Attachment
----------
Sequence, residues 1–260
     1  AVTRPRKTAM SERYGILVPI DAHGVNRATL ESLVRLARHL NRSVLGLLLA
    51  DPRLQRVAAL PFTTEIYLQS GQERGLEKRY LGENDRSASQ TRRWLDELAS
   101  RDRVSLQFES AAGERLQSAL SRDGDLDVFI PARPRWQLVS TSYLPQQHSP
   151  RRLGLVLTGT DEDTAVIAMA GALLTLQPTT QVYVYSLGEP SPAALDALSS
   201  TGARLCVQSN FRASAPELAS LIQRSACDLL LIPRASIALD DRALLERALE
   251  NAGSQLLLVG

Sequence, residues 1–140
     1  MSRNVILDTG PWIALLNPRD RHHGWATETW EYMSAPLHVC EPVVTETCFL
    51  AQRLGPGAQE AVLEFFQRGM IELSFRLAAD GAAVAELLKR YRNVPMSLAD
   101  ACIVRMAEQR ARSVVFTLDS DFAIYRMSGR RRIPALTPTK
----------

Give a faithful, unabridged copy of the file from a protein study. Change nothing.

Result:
Sequence, residues 1–260
     1  AVTRPRKTAM SERYGILVPI DAHGVNRATL ESLVRLARHL NRSVLGLLLA
    51  DPRLQRVAAL PFTTEIYLQS GQERGLEKRY LGENDRSASQ TRRWLDELAS
   101  RDRVSLQFES AAGERLQSAL SRDGDLDVFI PARPRWQLVS TSYLPQQHSP
   151  RRLGLVLTGT DEDTAVIAMA GALLTLQPTT QVYVYSLGEP SPAALDALSS
   201  TGARLCVQSN FRASAPELAS LIQRSACDLL LIPRASIALD DRALLERALE
   251  NAGSQLLLVG

Sequence, residues 1–140
     1  MSRNVILDTG PWIALLNPRD RHHGWATETW EYMSAPLHVC EPVVTETCFL
    51  AQRLGPGAQE AVLEFFQRGM IELSFRLAAD GAAVAELLKR YRNVPMSLAD
   101  ACIVRMAEQR ARSVVFTLDS DFAIYRMSGR RRIPALTPTK